Who We Are – Deaf Culture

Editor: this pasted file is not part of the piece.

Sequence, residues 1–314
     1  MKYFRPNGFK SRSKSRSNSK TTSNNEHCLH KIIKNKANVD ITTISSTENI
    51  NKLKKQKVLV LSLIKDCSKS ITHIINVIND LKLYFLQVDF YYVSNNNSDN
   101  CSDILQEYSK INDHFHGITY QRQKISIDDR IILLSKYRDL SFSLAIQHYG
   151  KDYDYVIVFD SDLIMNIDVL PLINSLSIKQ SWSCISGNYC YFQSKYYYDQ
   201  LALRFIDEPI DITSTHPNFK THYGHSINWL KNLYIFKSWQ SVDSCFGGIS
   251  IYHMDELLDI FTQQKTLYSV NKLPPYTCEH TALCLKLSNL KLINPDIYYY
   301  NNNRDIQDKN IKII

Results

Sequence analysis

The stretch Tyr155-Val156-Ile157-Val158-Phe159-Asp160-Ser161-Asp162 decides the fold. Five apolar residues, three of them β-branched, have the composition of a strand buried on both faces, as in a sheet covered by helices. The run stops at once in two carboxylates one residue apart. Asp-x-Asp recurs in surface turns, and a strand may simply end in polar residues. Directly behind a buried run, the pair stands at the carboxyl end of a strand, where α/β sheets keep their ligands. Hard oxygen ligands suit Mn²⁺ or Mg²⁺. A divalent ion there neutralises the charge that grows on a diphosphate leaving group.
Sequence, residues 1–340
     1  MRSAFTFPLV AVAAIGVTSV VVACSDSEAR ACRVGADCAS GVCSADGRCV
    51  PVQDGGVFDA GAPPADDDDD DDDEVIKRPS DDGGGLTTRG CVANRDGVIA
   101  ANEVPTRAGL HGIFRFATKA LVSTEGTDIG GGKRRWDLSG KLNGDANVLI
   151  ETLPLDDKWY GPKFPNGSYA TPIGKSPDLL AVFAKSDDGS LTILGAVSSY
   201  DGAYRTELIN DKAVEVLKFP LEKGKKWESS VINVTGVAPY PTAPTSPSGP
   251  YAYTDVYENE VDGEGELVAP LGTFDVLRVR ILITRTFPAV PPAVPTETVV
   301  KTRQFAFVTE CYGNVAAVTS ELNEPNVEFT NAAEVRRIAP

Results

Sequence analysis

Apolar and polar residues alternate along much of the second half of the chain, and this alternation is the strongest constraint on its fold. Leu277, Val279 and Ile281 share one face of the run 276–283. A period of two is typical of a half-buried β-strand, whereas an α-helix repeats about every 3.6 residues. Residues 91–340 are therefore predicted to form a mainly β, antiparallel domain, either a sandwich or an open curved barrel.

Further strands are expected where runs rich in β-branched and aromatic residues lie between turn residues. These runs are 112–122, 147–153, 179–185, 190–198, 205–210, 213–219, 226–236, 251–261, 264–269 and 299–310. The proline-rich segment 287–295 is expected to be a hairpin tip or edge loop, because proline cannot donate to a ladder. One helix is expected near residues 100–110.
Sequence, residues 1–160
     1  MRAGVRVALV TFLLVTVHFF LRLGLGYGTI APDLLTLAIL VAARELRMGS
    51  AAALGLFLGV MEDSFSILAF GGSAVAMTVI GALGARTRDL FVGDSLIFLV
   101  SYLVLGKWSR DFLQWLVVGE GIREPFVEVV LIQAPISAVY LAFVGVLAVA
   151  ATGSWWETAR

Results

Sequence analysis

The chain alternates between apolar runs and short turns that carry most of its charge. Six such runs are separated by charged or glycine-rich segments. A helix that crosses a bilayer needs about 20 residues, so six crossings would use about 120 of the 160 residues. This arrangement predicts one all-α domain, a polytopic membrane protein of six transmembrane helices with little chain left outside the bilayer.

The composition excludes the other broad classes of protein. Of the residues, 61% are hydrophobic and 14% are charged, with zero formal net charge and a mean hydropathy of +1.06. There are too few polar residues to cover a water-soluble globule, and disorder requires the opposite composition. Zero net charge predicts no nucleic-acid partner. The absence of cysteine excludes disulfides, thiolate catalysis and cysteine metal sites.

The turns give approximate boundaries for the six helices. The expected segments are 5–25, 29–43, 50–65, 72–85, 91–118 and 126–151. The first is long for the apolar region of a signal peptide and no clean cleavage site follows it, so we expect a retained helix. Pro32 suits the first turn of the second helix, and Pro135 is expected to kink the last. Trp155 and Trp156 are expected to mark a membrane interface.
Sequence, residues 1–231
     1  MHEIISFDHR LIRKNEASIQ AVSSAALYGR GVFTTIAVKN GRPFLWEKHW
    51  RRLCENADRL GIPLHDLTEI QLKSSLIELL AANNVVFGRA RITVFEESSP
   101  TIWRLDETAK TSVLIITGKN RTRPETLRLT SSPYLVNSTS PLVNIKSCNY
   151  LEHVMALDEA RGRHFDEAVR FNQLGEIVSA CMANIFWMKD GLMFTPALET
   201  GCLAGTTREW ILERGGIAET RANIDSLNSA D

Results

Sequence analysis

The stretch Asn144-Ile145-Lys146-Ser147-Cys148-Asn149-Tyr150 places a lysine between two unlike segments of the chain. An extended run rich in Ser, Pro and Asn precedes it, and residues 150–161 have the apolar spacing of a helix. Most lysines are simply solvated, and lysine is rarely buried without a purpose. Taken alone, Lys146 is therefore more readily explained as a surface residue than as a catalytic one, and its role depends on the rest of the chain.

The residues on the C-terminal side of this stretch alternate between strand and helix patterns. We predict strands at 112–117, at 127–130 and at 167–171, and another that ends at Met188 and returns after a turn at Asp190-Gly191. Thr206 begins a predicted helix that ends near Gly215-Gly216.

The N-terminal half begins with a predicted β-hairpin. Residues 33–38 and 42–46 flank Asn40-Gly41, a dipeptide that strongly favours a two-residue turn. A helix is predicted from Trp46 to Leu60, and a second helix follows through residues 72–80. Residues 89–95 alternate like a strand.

Hi! My name is Quiara Howard. Welcome to the Transcript. You may or may not have noticed while walking through the halls here at Northampton High school that we have a few Deaf people among us. This week I sat down with some people and interviewed them about their perspective on Deaf Culture both here in the high school and out in the greater Northampton community. I learned American Sign Language growing up from Deaf friends Later, I joined an ASL class in High School and learned more. Finally, I went to RIT and took classes there and was fully immersed in the language. So, that’s how I learned. I got involved in Deaf Culture by getting involved with Deaf people and immersing myself in the Community. By hanging out with Deaf people and singing. When I meet Deaf people, I don’t speak, i sign. One thing I want hearing people to know about Deaf culture is… well, in relation to my job, I’m an interpreter. That means that my job is to support Deaf people. My job is not to speak for Deaf people. I speak for both parties. If a hearing person and a Deaf person are trying to communicate with each other, I work with them both. I’m not there to represent Deaf people. If you have a question for a Deaf person, go ahead and ask them! I’m here to help hearing people communicate too. So when you communicate with hearing people and Deaf people, how do you prefer to communicate with them? Well, for Deaf people I sign, but for hearing I just talk if they prefer it. And if they prefer both I do both. I have my Clark friends who are both all Deaf and they know how to sign as well. The one thing I want people to know about Deaf culture is you don’t have to know that much sign language to communicate. You just say your name and figure it out and you could always write it down. There’s strategies to communicate. And being deaf doesn’t always mean you can’t do stuff. I like both to communicate with Deaf and hearing people like in mainstream school settings. To communicate with family members, neighbors, at stores, and with coworkers, we work together, and we can. With Deaf people, communication is so much better. I love communicating with Deaf people, because it’s easy. It’s great. I started learning ASL when I was in preschool. My mom had a Deaf son, my older brother. My mom started learning sign, basic sign with him. Then when I was born, they taught me, so I learned from my mom, my brother, and then preschool. It’s just my older brother and I who are Deaf in my family. The rest of my family is hearing. One thing I would like the general public to know about Deaf Culture is to try and put effort into using body language and gesture as a means of communicating rather than feeling awkward and scared. You don’t need to be scared! We’re all; hearing and Deaf, people. Deaf people just can’t hear. That’s all.

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